On Writing « The Secret Life of Language »

by Simon Pulleyn (London)

Secret Life Language front cover-1

In September 2017, I was asked by Trevor Davies, Commissioning Editor at Octopus Books, whether I would write a book about language for the general reader. Octopus already had titles such as The Secret Life of the Periodic Table and The Secret Life of Equations. Now they wanted to try linguistic science. They had some general ideas about scope, but I was offered a free hand as to the text. Octopus specialize in illustrated books. This was quite new for me. My previous experience was that pictures cost money and, as the author must pay for them, they are best avoided. But Octopus has an entire department dedicated to sourcing images; the project also had a talented artist who produced drawings tailored to my ideas. PhilSoc readers will not be slow to spot anachronisms in cartoons depicting Cicero or Babylonian scribes. But the aim of the book is to appeal to the bright general reader, not the specialist; the designers thought that the drawings would have broader appeal if they did not incorporate my niggles about period costume and furniture.

Once I had been signed up as the author, I was in the unenviable position of being expected to know everything. Sadly, I don’t but I was able to consult knowledgeable friends who dug me out of some of my ignorance. I began with an almost blank sheet of A3 paper. It contained just a series of empty rectangles called spreads: these correspond to what you see when you open the book at any given point and look at the two pages in front of you. My job was to decide, in outline at first and then in detail, what would go onto each page or spread. What were the topics to cover and how many spreads should be devoted to each? All this was against the background that the number of pages for this series is fixed at 192 and not all of those are for the author: there must be titles, picture acknowledgements, and an index.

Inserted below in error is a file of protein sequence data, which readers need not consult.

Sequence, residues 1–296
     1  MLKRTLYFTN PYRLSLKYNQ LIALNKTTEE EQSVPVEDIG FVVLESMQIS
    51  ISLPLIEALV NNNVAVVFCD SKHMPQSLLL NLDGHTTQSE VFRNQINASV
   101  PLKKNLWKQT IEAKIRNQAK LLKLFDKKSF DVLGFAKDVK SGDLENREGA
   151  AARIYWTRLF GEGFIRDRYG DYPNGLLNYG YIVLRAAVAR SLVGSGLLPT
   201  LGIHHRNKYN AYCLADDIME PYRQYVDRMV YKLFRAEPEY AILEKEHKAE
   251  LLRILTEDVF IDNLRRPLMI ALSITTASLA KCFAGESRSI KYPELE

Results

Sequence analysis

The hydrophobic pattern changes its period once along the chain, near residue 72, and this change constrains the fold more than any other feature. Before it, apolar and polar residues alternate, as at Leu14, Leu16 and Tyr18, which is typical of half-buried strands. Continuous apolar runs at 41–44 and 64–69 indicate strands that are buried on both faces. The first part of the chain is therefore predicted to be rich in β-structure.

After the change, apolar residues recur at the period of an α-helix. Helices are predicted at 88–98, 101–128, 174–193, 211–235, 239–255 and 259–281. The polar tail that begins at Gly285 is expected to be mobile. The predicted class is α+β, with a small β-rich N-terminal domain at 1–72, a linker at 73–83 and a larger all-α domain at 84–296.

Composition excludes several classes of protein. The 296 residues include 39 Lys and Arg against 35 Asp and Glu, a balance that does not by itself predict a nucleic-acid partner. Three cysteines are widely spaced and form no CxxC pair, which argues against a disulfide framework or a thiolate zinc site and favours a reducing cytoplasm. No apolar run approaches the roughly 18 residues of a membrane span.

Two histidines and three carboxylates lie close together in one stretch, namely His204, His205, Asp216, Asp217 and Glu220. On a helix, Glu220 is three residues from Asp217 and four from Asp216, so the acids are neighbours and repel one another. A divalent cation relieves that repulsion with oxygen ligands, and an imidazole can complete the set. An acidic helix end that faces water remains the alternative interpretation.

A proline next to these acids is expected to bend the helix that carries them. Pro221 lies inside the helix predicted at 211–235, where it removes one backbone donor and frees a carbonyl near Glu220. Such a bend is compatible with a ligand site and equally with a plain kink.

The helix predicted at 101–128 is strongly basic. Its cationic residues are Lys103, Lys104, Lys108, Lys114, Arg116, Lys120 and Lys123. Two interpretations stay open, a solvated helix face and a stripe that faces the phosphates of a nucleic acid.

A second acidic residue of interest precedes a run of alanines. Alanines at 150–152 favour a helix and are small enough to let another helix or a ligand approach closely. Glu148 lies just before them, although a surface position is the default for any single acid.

I began with evolution, looking at the anatomical apparatus needed for speech and how this developed. I am no expert in this field and those who specialize in primate evolution will probably find things that they would say otherwise. I went on to look in detail at the constituent elements of linguistics: two spreads on phonetics, three on phonology, four on morphology, two on lexicon and three on syntax. The book then moves on to proto-languages and the problems with arranging languages into families. The book has on its cover an attractive tree diagram of the Indo-European languages. Anyone familiar with the field will know how contentious a topic this is and will either want to draw the branches in a different way, change the labels or object altogether to the notion of trees. But I hope that the text of the book makes it clear that the enlightenment enthusiasm for genealogies, which also brought us Linnaean classification of plants and the periodic table of elements, is not taken by linguists today as the last word on the topic. The problems of areal influence are discussed in detail, particularly in respect of the Semitic languages and those of mainland Southeast Asia.

The deadline for the book was strict. Whereas those of us accustomed to academic publishing often have years in which to write a monograph, my brief from Octopus was to write 50,000 words in ten weeks. Furthermore, the text was to be delivered in three batches so that the design team could be getting on with the illustrative content for one part of the book whilst I was writing the text for the next. Because of the need to fit in illustrations, this meant that one had generally to write in units of 610, 1220 or 2440 words depending on the number of pages to be covered.